Remembering Papa

Thirty years ago today, my grandfather — Papa, passed away.   I think about him especially between Christmas and January 19th because I remember the last December.  He was at Emory Hospital in December 1980.  I remember the drive; I-75 to I-20 — Exit Memorial Drive — North to Briarcliff and a right on the By Way.  We wound our way the back roads of Emory Village.  The beautiful homes were elegantly decorated for Christmas.  Many homes had no curtains and you could see the fanciness inside.  I carried my school homework and a Seventeen magazine.  I was sixteen.  I dreamed about living in the homes we passed.

It had been a difficult year.  My grandfather had lung cancer and he was on oxygen at home.  I remember sitting next to his bed listening to him sleep.  He had trouble with fluid on his lungs and he was afraid of not waking up.  That’s really why I was sitting there — instructed to wake him up if I thought his breathing was getting bad.  Looking back now, I remember that as precious time spent.

He was hospitalized in December and the last time in January.  Papa was fully aware on that day thirty years ago.   He asked for the family to gather — he waited until everyone arrived.   We gathered around in prayer and maybe sang a hymn.  My sister held his hand — my grandmother on the other side and the nurse.  A few moments after we had prayed, the nurse simply said, “He’s gone.”  It was quiet and peaceful — a falling asleep.

I left the room and walked away — around a hall to find a place alone.  I stared out a window and cried.  I had hoped so much for Papa to receive a miracle of healing.  I was in disbelief for awhile.

Today, I’m not sad or even melancholy.  I’m only aware that I wished I knew him longer — long enough to realize how much alike we are.  He still finds ways to let me know he’s still there.

Peppermint Prayers and My Papa

My Papa and the Year for Priests

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6 thoughts on “Remembering Papa

  1. Nice memories! My grandfather died the same day forty years ago and I have a fond memory of him as well. You brought back the sweetness of my relationship with my “nonno”. Thanks, you are a gentle soul.
    God bless
    Eugenia

  2. Jan, I too was 16 when my beloved Papa died. It was a cold February day and I literally felt my world turn upside down. It has been 51 years since that day and I still miss him but, like you, the sadness has faded and I only think of wonderful memories. I know one day we will be reunited. God bless you.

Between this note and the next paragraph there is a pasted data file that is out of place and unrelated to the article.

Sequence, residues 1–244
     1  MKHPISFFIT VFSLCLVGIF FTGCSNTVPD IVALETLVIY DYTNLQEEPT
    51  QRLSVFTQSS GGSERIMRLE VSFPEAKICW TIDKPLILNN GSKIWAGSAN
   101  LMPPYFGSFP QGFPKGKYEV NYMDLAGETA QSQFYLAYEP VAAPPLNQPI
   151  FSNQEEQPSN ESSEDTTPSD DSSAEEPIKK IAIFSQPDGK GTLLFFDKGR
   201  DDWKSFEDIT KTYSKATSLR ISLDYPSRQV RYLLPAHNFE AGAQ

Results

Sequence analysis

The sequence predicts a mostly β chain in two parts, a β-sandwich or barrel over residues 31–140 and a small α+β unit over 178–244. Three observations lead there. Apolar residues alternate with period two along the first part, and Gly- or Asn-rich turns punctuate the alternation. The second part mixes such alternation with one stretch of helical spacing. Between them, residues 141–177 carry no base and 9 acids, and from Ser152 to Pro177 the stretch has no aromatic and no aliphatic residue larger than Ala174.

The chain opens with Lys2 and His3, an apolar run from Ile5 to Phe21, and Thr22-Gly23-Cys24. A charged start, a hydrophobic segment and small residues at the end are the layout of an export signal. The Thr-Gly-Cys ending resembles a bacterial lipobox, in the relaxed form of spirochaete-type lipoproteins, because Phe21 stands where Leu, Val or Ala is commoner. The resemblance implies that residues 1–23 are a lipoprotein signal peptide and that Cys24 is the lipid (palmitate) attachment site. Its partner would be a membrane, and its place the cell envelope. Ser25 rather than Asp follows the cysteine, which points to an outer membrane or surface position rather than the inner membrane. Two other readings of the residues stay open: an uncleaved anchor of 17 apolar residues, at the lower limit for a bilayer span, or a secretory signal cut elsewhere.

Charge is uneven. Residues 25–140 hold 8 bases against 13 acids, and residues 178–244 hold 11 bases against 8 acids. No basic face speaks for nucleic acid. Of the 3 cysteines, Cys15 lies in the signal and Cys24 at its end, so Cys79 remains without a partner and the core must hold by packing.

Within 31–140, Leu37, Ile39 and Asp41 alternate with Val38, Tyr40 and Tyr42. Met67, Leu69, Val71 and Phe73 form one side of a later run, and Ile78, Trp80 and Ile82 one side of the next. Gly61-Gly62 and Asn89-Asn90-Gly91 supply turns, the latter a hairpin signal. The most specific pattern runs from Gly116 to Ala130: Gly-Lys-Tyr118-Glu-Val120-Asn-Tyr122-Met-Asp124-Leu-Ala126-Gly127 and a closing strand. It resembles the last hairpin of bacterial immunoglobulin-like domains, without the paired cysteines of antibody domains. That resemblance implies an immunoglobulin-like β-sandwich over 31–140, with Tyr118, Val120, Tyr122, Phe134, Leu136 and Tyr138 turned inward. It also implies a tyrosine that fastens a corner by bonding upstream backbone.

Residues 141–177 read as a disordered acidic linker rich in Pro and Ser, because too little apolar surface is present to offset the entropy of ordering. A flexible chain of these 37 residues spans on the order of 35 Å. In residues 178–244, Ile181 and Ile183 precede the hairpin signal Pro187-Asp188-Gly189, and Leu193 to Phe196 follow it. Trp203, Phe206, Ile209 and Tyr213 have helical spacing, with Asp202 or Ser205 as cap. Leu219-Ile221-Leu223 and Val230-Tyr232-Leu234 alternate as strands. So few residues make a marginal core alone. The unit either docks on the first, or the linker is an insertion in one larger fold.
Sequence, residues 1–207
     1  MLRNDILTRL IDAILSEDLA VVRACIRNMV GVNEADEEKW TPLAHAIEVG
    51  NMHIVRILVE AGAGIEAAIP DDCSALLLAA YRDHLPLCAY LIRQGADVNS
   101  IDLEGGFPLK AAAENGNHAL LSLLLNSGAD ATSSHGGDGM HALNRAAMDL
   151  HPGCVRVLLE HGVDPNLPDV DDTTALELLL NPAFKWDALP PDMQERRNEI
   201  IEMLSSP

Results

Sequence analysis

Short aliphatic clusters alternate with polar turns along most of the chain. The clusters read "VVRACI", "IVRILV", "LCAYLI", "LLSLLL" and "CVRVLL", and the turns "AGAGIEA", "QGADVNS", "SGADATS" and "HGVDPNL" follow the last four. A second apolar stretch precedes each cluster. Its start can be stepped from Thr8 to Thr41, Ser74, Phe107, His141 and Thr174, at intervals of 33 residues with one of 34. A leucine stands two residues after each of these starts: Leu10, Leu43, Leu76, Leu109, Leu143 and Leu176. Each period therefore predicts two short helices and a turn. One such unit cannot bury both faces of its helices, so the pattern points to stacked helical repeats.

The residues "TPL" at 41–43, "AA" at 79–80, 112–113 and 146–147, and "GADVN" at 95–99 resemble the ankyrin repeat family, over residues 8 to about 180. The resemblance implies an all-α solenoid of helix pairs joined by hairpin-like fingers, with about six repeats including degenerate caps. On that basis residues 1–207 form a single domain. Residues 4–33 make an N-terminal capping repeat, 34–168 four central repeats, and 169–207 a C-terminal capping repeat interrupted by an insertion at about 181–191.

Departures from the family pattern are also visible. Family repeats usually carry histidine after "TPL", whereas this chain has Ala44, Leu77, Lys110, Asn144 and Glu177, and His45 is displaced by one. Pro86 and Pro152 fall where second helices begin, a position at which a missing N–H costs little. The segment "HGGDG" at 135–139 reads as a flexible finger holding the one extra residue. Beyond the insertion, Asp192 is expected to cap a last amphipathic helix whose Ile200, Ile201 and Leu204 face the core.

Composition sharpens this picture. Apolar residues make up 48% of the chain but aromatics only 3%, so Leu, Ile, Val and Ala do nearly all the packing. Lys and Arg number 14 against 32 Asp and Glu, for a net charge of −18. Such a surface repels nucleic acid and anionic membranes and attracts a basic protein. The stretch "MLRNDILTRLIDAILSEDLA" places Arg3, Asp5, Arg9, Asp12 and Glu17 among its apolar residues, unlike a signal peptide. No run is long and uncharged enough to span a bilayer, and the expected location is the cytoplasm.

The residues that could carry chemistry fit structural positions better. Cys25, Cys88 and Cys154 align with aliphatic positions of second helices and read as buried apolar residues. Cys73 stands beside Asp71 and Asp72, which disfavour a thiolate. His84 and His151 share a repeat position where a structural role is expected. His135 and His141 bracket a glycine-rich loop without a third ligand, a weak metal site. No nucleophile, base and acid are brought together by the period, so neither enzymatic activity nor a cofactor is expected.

Judy

  3. My Mom passed away a year ago on January 19th. She was 96 and ready….we were somewhat ready since she decided it was time and told us she would be gone in two weeks. She was almost right – it was 16 days. She waited until your birthday in December, waited till Christmas passed and my youngest brother finally came to see her (from N.Y.) and waited for his birthday, Jan. 15th, to pass. Then she quietly drifted away in our home, with hospice, in her own room. I was scared about how the end would be, disappointed that I wasn’t with her when it happened (3 A.M.) as I had finally fallen asleep, but beautiful in that we were all together in the same house. I still feel her presence in her room and it is almost like she hasn’t left us. We miss her but were fortunate to have her live with us for the last ten years of her life. What a blessing. Thank God.

  4. Oh, a beautiful memory, for sure. I doubt a day goes by when I don’t think of my Grandfather, and your post brought those last hours back for me. He died in the hospital, though he wasn’t supposed to, not then. I know some day, in a different time, we’ll see each other again. Thanks for the post. k

  5. My Father in Law passed away almost two years ago. He was my best friend, and as I write this, I cant help but cry. It’s o hard to lose someone like that, and realize that you maybe should have spent more time with them. I only had my FIL for 8 years, but he helped make me the man I am today.

    Hold on to that memory, keep it in your heart for as long as you can, and just know that one day, you’ll see him again.

    God bless you for sharing this story with us.

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